The Atlantic

How Agriculture Controls Nutrition Guidelines

Meat producers showed dominance over scientists this week, preventing discussion of sustainability.
Source: Michael Stern / Flickr

“My question is related to moderate alcohol intake,” representative Stacey Plaskett said Wednesday morning in a Congressional hearing that was almost momentous. With this question she was, as a congressperson should be, the voice of many.

Plaskett peered over her reading glasses at the de facto arbitrator of such matters, secretary of health and human services Sylvia Burwell. “I noted that the 2015 recommendations confirmed the conclusions from 2010,” Plaskett continued. “Do you think that’s going to remain the same, or will that change? Will the definition of moderation change as well?”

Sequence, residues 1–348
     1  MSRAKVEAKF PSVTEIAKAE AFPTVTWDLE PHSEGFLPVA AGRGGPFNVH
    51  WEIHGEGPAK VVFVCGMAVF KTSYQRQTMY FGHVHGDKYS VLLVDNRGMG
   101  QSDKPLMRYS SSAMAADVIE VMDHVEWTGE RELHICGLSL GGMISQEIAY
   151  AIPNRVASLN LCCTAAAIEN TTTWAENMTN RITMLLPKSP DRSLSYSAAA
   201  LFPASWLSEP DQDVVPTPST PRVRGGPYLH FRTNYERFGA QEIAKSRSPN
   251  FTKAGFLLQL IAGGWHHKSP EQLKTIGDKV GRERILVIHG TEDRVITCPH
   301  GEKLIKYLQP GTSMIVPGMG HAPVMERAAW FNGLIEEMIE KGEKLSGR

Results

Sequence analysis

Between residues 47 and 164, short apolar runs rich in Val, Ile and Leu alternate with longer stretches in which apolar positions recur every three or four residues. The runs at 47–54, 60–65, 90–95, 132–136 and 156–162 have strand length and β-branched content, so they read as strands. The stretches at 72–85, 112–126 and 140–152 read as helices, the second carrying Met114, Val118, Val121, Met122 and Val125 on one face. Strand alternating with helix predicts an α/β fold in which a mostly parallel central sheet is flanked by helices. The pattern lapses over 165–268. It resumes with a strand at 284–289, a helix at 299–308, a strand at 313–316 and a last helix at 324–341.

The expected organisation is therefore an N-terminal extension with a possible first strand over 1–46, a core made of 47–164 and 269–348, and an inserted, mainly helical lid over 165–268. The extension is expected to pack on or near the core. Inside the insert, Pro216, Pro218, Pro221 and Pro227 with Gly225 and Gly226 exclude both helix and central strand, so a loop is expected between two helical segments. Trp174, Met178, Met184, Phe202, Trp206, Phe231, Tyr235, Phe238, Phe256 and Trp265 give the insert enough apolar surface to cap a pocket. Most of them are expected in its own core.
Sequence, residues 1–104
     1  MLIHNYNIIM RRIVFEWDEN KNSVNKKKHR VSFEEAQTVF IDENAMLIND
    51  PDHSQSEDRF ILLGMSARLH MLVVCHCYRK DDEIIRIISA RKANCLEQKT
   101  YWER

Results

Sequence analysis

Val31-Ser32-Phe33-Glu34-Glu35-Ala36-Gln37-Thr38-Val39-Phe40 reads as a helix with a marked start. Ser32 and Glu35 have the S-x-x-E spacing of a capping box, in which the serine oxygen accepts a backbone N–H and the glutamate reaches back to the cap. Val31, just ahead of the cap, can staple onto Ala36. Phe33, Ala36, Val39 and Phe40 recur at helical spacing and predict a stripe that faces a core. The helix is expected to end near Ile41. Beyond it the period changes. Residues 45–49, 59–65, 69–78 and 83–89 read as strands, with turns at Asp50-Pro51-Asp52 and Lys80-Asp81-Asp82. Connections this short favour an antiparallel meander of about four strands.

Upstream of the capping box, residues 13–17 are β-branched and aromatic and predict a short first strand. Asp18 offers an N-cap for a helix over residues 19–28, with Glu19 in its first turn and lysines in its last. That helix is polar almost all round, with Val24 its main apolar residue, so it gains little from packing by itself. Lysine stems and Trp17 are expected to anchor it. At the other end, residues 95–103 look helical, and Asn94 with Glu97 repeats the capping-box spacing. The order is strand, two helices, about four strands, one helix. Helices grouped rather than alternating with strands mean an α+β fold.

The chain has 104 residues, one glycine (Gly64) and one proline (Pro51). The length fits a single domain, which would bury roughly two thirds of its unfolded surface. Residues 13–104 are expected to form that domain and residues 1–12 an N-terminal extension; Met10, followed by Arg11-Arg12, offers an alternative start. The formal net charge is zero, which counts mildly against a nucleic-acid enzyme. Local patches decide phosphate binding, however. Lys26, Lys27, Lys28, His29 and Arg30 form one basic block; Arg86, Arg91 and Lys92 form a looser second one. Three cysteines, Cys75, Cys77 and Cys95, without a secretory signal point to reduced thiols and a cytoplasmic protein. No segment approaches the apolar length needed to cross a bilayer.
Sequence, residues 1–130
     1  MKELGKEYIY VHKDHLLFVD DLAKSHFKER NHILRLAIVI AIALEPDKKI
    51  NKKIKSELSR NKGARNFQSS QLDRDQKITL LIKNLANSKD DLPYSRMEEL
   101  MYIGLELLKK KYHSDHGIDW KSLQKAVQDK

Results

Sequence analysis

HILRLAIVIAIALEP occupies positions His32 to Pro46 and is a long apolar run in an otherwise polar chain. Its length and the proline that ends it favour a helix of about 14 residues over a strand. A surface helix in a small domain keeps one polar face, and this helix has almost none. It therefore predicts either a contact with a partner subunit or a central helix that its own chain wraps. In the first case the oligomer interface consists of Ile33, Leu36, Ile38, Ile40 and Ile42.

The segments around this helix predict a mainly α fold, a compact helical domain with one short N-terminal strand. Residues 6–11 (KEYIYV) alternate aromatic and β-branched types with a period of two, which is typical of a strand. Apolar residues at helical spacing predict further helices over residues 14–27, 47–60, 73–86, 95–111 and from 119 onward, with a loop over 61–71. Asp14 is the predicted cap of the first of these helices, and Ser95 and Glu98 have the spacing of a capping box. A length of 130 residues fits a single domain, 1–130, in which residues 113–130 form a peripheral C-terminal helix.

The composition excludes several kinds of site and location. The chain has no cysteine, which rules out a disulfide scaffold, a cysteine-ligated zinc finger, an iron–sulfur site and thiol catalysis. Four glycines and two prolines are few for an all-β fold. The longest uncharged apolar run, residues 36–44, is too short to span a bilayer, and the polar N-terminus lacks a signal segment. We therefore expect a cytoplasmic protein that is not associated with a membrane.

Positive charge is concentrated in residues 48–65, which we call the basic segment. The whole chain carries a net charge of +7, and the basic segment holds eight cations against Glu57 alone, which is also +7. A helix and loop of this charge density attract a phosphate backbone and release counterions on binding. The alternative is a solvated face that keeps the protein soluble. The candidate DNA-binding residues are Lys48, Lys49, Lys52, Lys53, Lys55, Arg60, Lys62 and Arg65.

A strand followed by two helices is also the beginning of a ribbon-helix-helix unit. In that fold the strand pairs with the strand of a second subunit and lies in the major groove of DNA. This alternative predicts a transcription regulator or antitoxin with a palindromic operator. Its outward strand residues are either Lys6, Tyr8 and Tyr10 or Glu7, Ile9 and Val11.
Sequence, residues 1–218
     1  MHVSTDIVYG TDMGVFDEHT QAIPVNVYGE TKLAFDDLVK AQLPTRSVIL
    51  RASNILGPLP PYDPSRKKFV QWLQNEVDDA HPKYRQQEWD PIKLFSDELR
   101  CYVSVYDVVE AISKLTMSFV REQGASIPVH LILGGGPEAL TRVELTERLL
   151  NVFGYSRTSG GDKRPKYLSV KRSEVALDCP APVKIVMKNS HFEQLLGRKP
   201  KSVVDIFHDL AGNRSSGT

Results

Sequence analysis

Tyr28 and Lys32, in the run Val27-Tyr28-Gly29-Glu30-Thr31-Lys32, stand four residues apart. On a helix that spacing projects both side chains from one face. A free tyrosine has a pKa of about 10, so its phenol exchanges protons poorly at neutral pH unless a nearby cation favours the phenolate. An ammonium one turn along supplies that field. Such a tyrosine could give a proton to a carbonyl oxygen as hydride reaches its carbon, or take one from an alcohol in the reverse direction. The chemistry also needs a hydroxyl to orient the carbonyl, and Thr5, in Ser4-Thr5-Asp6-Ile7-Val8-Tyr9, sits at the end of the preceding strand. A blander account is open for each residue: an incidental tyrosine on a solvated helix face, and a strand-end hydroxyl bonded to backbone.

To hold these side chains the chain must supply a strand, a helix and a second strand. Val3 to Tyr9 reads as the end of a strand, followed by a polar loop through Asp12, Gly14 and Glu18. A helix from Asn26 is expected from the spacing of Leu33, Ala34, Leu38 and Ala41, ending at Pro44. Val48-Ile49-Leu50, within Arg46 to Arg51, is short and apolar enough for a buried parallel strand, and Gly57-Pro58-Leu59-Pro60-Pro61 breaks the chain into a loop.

“We’re not going to comment on specifics,” Burwell deflected. “We” referred to secretary of agriculture Tom Vilsack, who sat immediately to her right. Before them was a semicircle of congresspeople in elevated chairs who constitute the House committee on agriculture. The ensuing conversation was a polite but charged, deeply consequential battle for influence over what people eat.

Burwell and Vilsack together lead the group that is challenged with converting an expert statement on what constitutes an ideal diet for Americans—written by a panel of 15 academic researchers—into national nutrition guidelines by December. These guidelines are revised and edited every five years. The expert recommendations, published in May, took into account more than 4,000 scientific studies. Burwell emphasized that the experts had not recommended a change in guidelines with regard to alcohol.

“After this hearing, I may be consulting that guideline,” Vilsack interjected dryly.

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